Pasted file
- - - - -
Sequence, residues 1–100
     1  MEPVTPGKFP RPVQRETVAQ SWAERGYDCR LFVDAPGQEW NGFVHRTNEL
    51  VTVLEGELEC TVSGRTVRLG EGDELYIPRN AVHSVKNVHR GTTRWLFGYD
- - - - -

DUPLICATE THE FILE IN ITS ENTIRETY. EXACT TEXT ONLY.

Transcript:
Sequence, residues 1–100
     1  MEPVTPGKFP RPVQRETVAQ SWAERGYDCR LFVDAPGQEW NGFVHRTNEL
    51  VTVLEGELEC TVSGRTVRLG EGDELYIPRN AVHSVKNVHR GTTRWLFGYD